2) You can afford a high cost per visitor.  If your website’s visitor value is more than you’re paying per click, you’ve got a cash machine on your hands. Even if you’re just breaking even, the extra traffic paid search delivers can be used to increase the size of your average sale, or to buildsearch engine optimization up a profitable back end sales stream. That’s how the smartest marketers come to dominate their niches.

3) You want to test something before you roll out to a larger list. Let’s say you’ve got a new white paper and there are a couple of different titles that would work for it. You could use paid search to run a landing page test on several different titles. Then you could know which title was the winner before you promoted it to your house list. Nice.

3 Best Reasons to Skip Paid Search

1) You don’t have the budget. Don’t get into paid search unless you can sustain it for at least two months or more. Also, take the keyword bid estimates with a grain of salt. PPC can be very expensive, especially if your account is new and your ads are untested.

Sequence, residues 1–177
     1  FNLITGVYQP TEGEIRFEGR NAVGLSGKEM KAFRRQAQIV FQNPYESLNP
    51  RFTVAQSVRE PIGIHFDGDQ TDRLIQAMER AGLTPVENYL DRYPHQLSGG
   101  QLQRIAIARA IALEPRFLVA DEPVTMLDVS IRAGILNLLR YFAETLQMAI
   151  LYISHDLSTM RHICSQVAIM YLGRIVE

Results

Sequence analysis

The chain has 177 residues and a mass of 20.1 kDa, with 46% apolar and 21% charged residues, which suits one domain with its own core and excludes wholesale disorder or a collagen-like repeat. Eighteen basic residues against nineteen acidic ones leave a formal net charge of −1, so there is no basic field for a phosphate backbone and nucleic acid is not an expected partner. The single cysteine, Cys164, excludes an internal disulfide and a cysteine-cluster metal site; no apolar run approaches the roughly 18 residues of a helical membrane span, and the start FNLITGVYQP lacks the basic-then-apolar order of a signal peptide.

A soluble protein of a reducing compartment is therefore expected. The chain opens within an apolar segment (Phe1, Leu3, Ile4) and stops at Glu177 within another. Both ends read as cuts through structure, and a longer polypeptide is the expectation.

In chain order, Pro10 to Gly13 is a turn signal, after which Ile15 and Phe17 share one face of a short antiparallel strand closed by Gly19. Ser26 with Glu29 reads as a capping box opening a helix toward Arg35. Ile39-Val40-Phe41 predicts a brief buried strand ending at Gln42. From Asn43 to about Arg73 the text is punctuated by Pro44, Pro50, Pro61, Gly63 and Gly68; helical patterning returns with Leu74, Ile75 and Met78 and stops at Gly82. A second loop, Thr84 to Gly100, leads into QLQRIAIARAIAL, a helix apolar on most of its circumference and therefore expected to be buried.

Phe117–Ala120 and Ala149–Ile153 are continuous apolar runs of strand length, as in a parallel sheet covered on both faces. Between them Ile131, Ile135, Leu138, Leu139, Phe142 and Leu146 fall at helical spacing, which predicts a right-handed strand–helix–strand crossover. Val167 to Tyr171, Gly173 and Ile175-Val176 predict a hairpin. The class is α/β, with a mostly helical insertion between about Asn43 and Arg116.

2) You don’t have the expertise. There are no refunds in paid search. If you accidentally blow $10,000 because you didn’t understand negative keywords, or how to use phrase and exact match, or your landing page wasn’t working, there is no recourse. That money is gone.

3) You can wait to let your organic search efforts pay off. This is especially true if you have a local business, because it will take much less effort to get to the top of the search engine results so long as you do your local search optimization efforts right. A few hours of solid SEO work could save you thousands of pay per click costs.